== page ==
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  12. taymcg12

    taymcg12 Member

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    I will take that advice to heart. I think I will continue to try for the academy and if I do not make it there, VMI is the next option (hopefully with a scholarship!) And if not that, then I will move to other options. Thank you for being honest and sharing your experience with the program!
     
  13. USMCGrunt

    USMCGrunt Member

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    taymcg12: you have gotten sound advice here.

    You ask if the MECEP program is legitimate? You bet it is.

    Enlist, stay for 2 years and guarantee a trip to the USNA with a 225+ pft? No way. You heard it wrong.

    Is MECEP competitive? Of course. Only the best NCO's will even get a shot.

    MECEP is not the path to USNA but NROTC instead.

    With these goals, I recommend you stop thinking about enlisting and concentrate on getting into the college of your choice. Apply for the NROTC scholarship. Even if you don't get it, join as a college programmer and try to earn a scholarship. After that there are alternative routes like PLC and OCC.
    If you want to get into the USNA, apply there also. Speak to NROTC unit staff, Officer Selection Officers, or other commissioning source experts.

    And remember, there are no guarantees in the military - or in life for that matter!
     
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  14. Ellerman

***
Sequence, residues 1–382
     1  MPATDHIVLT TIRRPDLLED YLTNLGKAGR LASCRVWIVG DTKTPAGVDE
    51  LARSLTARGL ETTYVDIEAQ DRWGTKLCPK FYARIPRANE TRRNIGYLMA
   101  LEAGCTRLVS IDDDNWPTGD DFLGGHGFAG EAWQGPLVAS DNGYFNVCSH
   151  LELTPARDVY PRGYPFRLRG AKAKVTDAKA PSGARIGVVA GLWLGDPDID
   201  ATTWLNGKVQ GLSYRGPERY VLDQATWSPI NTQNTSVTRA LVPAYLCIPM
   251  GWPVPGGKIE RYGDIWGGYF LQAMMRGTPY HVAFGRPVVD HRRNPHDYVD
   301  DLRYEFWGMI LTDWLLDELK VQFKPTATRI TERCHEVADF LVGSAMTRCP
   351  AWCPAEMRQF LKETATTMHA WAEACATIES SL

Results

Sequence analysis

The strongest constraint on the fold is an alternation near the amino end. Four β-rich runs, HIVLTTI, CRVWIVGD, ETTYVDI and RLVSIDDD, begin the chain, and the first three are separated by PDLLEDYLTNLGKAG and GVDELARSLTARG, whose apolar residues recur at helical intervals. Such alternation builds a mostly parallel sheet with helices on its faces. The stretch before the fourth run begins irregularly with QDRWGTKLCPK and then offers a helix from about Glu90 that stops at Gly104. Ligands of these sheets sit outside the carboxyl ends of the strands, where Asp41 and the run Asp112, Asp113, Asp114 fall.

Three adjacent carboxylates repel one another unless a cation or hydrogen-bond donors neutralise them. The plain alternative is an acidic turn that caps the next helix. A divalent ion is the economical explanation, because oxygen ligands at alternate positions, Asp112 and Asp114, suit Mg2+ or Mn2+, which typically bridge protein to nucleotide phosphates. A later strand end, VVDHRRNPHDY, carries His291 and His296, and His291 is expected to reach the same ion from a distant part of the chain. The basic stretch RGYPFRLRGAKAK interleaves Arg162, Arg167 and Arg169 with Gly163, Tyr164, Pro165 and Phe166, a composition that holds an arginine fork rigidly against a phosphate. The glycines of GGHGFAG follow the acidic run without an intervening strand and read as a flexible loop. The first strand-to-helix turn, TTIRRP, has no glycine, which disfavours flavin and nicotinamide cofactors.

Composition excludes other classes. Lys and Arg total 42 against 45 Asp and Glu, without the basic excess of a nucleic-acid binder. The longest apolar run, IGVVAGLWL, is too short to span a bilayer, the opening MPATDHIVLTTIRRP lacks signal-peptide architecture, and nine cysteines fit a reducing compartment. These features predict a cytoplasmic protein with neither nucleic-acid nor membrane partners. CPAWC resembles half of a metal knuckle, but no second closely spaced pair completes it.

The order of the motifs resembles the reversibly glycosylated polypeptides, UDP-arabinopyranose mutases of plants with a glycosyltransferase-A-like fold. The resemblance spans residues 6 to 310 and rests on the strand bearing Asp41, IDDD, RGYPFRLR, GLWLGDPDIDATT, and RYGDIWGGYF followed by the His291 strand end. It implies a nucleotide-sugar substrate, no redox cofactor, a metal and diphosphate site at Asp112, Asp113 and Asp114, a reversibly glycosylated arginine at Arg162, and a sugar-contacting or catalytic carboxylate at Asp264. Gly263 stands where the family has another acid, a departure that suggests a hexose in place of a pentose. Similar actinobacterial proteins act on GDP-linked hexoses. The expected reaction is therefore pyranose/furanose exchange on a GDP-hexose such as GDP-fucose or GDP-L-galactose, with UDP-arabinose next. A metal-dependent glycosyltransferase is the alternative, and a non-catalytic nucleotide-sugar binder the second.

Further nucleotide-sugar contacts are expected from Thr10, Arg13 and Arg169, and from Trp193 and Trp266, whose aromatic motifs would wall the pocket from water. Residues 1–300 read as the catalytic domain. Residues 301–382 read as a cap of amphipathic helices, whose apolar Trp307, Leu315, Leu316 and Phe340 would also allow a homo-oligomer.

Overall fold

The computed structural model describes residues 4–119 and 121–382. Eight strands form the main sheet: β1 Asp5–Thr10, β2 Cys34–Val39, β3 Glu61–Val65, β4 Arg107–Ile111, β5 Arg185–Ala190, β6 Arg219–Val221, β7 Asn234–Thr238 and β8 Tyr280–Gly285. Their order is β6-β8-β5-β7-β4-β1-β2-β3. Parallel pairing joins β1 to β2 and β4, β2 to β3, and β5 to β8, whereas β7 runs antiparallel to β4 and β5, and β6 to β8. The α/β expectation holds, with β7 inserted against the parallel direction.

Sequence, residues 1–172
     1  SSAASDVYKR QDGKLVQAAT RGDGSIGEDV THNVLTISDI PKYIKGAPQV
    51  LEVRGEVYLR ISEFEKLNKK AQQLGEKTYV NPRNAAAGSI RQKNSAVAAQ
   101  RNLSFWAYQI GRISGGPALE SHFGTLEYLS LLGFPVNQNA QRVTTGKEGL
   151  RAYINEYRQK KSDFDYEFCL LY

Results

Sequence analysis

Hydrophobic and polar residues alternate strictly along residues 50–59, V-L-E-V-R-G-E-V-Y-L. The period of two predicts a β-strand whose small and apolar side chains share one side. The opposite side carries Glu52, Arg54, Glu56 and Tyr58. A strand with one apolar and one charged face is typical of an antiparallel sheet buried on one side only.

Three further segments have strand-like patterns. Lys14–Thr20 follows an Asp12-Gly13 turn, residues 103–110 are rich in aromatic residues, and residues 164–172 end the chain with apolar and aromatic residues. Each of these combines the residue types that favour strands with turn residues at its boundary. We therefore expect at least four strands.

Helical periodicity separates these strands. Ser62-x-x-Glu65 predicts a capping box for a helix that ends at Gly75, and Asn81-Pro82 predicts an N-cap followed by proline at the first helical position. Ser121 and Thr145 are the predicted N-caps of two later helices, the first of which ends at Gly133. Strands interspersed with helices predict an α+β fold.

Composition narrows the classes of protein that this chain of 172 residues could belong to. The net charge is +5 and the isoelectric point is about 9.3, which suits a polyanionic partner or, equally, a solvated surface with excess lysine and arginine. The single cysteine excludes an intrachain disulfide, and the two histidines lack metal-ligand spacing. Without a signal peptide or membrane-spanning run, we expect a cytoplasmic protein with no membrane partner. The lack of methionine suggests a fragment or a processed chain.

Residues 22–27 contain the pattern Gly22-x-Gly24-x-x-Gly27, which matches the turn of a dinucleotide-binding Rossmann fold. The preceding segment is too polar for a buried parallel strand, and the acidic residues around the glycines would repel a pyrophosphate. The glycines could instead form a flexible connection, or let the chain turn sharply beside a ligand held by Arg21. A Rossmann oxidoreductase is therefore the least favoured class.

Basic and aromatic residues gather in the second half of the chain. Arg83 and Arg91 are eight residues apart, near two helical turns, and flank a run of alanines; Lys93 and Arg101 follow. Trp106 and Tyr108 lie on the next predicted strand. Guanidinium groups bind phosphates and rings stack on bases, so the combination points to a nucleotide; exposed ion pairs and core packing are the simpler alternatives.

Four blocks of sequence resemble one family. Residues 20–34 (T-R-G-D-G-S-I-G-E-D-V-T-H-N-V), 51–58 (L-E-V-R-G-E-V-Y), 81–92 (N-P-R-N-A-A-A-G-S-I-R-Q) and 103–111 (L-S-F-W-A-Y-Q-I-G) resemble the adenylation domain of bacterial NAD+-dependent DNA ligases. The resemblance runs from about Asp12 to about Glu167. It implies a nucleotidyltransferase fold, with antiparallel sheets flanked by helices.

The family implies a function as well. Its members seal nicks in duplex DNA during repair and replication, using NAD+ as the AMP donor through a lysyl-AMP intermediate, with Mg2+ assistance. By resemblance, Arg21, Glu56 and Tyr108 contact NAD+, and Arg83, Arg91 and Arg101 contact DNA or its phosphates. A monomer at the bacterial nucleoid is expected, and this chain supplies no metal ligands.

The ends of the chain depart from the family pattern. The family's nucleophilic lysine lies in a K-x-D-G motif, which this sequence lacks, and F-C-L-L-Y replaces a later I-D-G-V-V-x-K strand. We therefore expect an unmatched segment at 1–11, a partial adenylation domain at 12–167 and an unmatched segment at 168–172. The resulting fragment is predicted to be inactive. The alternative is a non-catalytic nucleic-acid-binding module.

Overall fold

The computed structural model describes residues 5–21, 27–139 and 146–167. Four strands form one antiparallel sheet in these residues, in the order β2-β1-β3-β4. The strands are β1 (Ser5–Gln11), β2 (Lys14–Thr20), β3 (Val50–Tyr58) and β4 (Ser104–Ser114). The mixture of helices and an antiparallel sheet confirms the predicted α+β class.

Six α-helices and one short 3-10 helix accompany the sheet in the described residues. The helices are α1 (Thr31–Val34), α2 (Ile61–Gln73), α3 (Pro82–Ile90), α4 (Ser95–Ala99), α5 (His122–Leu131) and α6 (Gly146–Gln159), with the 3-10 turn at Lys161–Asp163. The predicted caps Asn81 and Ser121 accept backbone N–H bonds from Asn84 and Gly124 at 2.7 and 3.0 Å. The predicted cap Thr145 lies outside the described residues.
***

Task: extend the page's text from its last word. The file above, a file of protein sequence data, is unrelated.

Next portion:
Ellerman Member

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    Everybody on this is post is spot on but let me give you an outlook from my perspective..

    High school I was an AP/Honors student as well as my high school's #1 student/athlete. 4x varsity letter in 3x sports.

    I was Marine of The Quarter, run a 300PFT, 300CFT and just got meritoriously promoted to Corporal per MCIPAC (Marine Corps Installation Pacific). Huge honor for me and I just received my Secretary of The Nomination to have the CHANCE to attend USNA and right now it is STILL NOT guaranteed that I will get into USNA (NAPS included).
    Like someone on this post said, your best bet is to apply to the Academy and see if you can get in. If not then try NROTC and if it doesn't work out, enlist and try for USNA again or work towards MECEP. Yes it is a little easier and you'll be a little more competitive but it could take about 1-2 years before you can apply to USNA and you have to prove yourself to you CO.

    To apply to MECEP, the order is always changing based on the needs of the Corps but it currently stands that you have to be a Sergeant which can take a few years.

    When you become a Marine, you'll understand that nothing is ever guaranteed. Lastly, understand this... Going to USNA/NROTC is a 9-10 year commitment. Just remember that. If you're curious about the process for active duty applicants in the Marine Corps, don't hesitate to message me for any questions.
     
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  15. USMCGrunt

    USMCGrunt Member

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    Ellerman: congrat's on the meritorious promotion to Corporal!! That's a big deal.

    Semper Fi